The news stories that captured East Hampton Star readers' attention in 2019 include headlines involving murder, drunken-driving crashes, major drug busts, fires, and a shooting.
Police-related news always draws readers, but what stood out among the 20 most-read stories of 2019 was the nature of that news, which included three murders in Montauk in less than a month.
East Hampton Town saw its first murder in a decade and Montauk its first in 22 years on June 6, when 38-year-old Robert Casado was found beaten and stabbed with a pickaxe. Joseph A. Grippo, who had been friends with Mr. Casado at one point, was arrested three weeks later. Prosecutors said he killed Mr. Casado over a woman they both were interested in. The case is still pending.
Then, just three weeks later, on June 27, police found a Medford woman, who had called her mother and said she killed her twin 2-year-old daughters and threatened suicide, in Montauk County Park. Jasmine and Jaida Campbell, were found strapped in their car seats, not breathing. Tenia Campbell, a 24-year-old who had been diagnosed as bipolar, was charged with their murder. The case has not yet gone to trial.
The most-read story this year was one on the tragic death of a 28-year-old man struck by a pickup truck while bicycling home from work at the 7-Eleven in Montauk on Oct. 30. The bicyclist, John James Usma-Quintero, had only been the states since April on a work visa and was sending money back to Colombia to his children and mother. Police said Lisa L. Rooney, the 30-year-old Montauk resident and business owner who hit him, was driving while intoxicated.
Community outrage followed as Ms. Rooney, charged with misdemeanor D.W.I., was released by East Hampton Town Justice Lisa R. Rana on $1,000 bail. Justice Rana cited bail reform laws going into effect in 2020 that would require Ms. Rooney be released without bail. Many believed it had an effect on the election held just a few days later. Justice Rana won the election over Andrew Strong by just 24 votes.
Ms. Rooney has yet to be indicted on more serious charges, though a grand jury has been convened in the matter.
Other drunken driving crashes also captivated readers. Robert K. Futterman, a 60-year-old worth millions after he sold a major commercial real estate agency in Manhattan, was involved in an accident in Bridgehampton in July that sent a mother and her 3-year-old son to the hospital. He was free on bail following an arrest in Sag Harbor Village for allegedly operating a boat under the influence of alcohol or drugs. He also had a prior felony D.W.I. conviction, and had been caught in recent months for ignoring court orders that he drive with an Interlock device, which requires drivers to blow into it to detect if there is alcohol on their breath.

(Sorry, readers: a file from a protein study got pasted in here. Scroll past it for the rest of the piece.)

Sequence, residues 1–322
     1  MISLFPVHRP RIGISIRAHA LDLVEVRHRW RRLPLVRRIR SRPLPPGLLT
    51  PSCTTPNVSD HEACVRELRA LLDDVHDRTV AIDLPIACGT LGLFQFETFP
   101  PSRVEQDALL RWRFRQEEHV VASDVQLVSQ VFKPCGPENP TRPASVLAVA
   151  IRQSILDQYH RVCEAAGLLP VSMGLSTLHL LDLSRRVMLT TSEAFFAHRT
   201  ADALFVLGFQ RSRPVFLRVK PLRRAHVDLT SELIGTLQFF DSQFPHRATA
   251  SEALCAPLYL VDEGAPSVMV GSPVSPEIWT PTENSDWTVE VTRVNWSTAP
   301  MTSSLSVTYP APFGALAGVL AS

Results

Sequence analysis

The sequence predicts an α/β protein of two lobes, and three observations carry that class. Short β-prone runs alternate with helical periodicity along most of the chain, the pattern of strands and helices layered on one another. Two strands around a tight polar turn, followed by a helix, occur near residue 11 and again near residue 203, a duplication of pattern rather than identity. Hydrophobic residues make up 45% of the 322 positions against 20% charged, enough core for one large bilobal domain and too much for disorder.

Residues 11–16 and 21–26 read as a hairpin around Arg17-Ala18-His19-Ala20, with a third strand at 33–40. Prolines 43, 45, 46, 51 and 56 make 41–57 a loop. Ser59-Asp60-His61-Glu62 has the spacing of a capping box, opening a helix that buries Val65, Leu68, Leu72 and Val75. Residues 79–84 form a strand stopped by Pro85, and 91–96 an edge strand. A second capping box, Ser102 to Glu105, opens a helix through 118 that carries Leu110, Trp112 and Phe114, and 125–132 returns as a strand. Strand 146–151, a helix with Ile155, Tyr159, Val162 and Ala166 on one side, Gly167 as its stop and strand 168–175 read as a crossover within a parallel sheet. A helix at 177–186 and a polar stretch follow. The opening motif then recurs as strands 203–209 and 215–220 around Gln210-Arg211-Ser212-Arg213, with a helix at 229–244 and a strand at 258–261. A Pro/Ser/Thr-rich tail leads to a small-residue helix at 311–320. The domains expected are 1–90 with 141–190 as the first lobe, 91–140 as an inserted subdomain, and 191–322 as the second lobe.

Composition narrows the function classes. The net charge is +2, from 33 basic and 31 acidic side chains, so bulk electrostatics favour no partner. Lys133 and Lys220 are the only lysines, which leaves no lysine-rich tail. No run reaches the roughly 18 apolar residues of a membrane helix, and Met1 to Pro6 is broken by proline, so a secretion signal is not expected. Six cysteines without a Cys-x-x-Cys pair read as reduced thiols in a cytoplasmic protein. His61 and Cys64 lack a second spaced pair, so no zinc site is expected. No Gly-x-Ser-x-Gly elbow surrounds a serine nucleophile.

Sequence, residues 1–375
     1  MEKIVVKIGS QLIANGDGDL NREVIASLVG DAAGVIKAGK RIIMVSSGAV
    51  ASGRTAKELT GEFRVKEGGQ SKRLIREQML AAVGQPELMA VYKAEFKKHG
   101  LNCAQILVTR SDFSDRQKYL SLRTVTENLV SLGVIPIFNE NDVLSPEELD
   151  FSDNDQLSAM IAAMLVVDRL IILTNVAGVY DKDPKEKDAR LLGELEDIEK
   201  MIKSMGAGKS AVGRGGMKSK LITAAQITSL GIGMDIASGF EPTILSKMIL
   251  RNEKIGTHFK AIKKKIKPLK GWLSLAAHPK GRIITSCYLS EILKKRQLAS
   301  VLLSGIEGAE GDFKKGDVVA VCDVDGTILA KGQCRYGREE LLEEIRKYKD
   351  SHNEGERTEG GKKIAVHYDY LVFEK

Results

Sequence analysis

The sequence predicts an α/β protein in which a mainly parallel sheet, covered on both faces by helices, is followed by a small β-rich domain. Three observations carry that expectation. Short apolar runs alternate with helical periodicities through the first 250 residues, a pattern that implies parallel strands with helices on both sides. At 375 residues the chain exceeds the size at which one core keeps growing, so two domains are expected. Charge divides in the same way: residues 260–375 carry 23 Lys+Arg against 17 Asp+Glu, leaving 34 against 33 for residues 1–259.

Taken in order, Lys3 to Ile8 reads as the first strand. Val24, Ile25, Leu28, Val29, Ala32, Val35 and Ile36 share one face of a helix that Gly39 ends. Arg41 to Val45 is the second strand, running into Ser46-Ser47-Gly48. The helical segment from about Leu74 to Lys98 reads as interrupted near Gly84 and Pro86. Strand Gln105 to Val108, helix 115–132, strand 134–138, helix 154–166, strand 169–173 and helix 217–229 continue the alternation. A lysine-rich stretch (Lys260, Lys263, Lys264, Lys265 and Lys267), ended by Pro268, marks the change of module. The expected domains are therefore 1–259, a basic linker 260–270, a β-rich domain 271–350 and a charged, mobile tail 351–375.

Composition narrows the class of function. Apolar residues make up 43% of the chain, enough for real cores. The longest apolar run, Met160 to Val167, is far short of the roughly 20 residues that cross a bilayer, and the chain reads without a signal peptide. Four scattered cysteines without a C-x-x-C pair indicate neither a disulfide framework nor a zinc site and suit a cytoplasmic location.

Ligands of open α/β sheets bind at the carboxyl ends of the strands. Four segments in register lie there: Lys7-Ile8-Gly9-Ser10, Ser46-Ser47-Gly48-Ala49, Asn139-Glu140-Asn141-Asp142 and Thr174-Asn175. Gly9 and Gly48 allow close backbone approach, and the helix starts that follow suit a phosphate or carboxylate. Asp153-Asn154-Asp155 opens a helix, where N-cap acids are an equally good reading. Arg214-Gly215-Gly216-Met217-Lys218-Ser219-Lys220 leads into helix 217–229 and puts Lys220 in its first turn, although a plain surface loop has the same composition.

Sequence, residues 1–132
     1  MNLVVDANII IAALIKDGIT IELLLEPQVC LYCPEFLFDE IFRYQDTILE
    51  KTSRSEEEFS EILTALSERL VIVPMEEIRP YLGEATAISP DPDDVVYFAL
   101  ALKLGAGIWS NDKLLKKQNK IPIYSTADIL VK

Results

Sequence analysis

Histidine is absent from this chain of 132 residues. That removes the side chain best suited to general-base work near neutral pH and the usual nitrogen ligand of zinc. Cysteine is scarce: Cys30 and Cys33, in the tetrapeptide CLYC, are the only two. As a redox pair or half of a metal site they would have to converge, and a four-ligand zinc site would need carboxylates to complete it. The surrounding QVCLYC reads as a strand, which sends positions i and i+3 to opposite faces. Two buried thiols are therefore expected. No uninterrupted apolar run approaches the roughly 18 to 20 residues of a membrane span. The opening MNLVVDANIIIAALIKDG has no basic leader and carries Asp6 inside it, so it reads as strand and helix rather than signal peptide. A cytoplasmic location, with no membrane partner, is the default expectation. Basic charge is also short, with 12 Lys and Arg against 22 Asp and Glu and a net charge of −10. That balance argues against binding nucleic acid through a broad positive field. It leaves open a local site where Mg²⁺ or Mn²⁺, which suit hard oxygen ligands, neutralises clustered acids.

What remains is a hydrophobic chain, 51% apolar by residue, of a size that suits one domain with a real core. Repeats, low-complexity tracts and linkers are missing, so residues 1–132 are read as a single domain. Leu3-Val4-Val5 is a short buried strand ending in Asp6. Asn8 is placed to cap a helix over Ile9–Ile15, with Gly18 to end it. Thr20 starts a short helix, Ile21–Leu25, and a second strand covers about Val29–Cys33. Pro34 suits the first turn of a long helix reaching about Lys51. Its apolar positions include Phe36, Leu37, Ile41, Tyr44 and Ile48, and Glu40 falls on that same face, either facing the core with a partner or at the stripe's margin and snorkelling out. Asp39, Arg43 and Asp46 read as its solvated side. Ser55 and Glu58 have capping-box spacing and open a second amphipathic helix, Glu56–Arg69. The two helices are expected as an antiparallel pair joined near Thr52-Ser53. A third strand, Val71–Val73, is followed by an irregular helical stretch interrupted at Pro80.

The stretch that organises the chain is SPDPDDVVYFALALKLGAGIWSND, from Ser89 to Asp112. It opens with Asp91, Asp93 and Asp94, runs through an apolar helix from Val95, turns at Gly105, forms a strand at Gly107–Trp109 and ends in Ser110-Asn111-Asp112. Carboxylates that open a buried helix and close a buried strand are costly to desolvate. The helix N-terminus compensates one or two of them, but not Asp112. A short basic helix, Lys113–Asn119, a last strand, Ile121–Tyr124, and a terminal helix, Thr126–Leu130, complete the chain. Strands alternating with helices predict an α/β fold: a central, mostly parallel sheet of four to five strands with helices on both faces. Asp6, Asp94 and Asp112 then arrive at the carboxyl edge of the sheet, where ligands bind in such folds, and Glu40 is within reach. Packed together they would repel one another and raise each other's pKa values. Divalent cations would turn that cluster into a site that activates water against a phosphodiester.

Many will remember the photograph of a severed utility pole standing straight up in the bed of a pickup truck that had crashed into it by Brent's Deli in Amagansett in early July. PSEG Long Island had to work for several hours to remove it from the truck and install a new one, all while traffic went by during the busy Fourth of July holiday week. The driver was charged with driving while intoxicated.
No one was exactly sure how a car managed to land between two buildings in Springs during a drunken-driving crash in September, causing serious structural damage to one building. It would be months before the Springs Auto Repair Shop could reopen. The driver, Kevin Buestan, was seriously injured.
Three people aboard an expensive boat were injured when it slammed into a North Haven inlet bulkhead late one night in July. Gary Lucas was arrested, accused of being intoxicated at the helm when it struck the bulkhead and overturned, throwing him and four passengers into the water by Tyndal Point.
When Suffolk County District Attorney Timothy D. Sini announced the arrest of two dozen people as part of a massive drug ring that distributed more than $1 million worth of heroin cut with fentanyl near the Shinnecock Indian Reservation in October, he said the drug ring was responsible for five fatal overdoses of the deadly opioid cocktail. Raids involved 200 officers, from federal to local agencies, and led to 120 grams of heroin and fentanyl, 90 grams of cocaine, and more than 10 pounds marijuana, as well as numerous shotguns and rifles and an assault weapon, being taken off the street.
The actions of a police officer, and not a defendant, were the subject of one police story that made headlines this year when news surfaced in August that Town Police Officer Anthony Bosco, the president of the Police Benevolent Association, had filed a lawsuit against an East Hampton couple. He said he had been injured on the job after he responded to their call for help when their teenage son, who suffers from mental disorders, was angry.
Ann Grabowski and Kathleen M. Weiss wrote a letter to the police chief, who had been unaware of the suit. "He has to sue two community minded women, trying to make ends meet, raising four children adopted from foster care, to be compensated for his alleged injury?" they asked in the letter emailed to the chief on Aug. 4. "Is this what we can expect when we call for assistance? Is this what my friends and neighbors can expect?"
One of two stories in our top-20 most-read online that did not involve the police was about legal action taken by the Peconic Land Trust when scores of trees were cut down in August on nearly six acres of Amagansett land protected by a conservation easement. The other story? A listing of all the fireworks happening on the East End, ahead of the Fourth of July.
The Star's most-read stories: